Block Island Offshore Wind Project Social Survey
The primary social challenge of offshore wind power development may be local community members’ struggle to come to terms with the transformation of the ocean. The Block Island Offshore Wind Project, which was commissioned in late 2016, is the first and remains one of the only offshore wind developments in U.S. waters. As such, it represents an important case study regarding many important facets of offshore wind and continues to attract research. In a collaboration between the Center for Research in Wind and the University of Rhode Island, a survey was administered regarding local residents’ perceptions of the turbines, their effect on the ocean and coast as ‘places’, and a myriad of other related topics. Participants were recruited from Block Island as well as from Rhode Island census units bordering and near the ocean. While some of the variables differ between three survey iterations between 2016 and 2018, this project contains the only longitudinal data regarding a commissioned U.S. offshore wind project giving valuable insights into how project support and perceptions change over time. The survey work has led to multiple peer-review publications.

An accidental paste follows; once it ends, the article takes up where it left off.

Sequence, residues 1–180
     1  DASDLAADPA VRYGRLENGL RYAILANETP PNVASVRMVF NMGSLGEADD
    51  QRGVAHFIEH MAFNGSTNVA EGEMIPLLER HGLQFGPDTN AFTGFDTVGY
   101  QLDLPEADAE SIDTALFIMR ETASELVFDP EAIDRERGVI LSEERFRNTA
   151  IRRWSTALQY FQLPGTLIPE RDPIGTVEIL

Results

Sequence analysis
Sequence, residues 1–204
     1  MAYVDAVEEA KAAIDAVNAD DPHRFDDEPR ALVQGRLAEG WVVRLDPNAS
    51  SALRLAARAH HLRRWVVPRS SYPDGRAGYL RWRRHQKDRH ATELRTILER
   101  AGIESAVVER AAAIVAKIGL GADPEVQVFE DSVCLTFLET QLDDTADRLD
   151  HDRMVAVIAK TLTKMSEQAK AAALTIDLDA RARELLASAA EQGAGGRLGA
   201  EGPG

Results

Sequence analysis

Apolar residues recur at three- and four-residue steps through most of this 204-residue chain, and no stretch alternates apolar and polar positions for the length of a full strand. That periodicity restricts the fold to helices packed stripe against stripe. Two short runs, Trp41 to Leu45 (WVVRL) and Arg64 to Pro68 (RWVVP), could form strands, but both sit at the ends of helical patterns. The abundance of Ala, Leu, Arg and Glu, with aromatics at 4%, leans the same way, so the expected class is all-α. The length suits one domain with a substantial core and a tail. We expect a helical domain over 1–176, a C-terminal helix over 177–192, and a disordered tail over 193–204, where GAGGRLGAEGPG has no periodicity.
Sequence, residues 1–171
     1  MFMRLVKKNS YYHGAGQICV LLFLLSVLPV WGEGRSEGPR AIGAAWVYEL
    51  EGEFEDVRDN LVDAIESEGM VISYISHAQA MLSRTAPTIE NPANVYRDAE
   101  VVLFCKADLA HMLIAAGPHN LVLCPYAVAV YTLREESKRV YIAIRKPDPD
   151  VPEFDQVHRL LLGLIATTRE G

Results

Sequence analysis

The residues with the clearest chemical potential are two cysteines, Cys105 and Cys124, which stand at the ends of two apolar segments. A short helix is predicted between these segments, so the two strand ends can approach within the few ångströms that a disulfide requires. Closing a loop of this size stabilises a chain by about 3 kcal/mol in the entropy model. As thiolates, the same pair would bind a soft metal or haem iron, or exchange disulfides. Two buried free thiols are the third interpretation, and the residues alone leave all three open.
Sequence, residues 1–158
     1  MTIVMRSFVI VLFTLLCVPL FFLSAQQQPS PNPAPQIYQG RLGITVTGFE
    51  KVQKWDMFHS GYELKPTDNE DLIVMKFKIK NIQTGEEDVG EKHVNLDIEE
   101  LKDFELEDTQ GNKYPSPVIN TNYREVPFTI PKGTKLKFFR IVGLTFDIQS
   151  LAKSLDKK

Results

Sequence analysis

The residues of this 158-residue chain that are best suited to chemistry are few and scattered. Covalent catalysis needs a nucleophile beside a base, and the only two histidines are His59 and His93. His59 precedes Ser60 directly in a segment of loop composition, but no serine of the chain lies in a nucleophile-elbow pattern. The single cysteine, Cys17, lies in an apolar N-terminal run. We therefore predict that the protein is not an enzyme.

Russell, A., Firestone, J., Bidwell, D., & Gardner, M. 2020. Place meaning and consistency with offshore wind: An island and coastal tale. Renewable and Sustainable Energy Reviews, 132, 110044, https://doi.org/10.1016/j.rser.2020.110044 (open access)
Firestone, J., Hirt, C., Bidwell, D., Gardner, M., & Dwyer, J. 2020. Faring well in offshore wind power siting: Trust, engagement, and process fairness in the United States, Energy Research & Social Sciences, 62, 101393 https://doi.org/10.1016/j.erss.2019.101393 (open access)
Firestone, J., Bidwell, D., Gardner, M., Knapp, L. 2018. Wind in the Sails or Choppy Seas?: People-Place Relations, Aesthetics and Public Support for the United States’ First Offshore Wind Project, Energy Research and Social Science, 40: 232-243, https://www.sciencedirect.com/science/article/pii/S2214629618301956 (open access)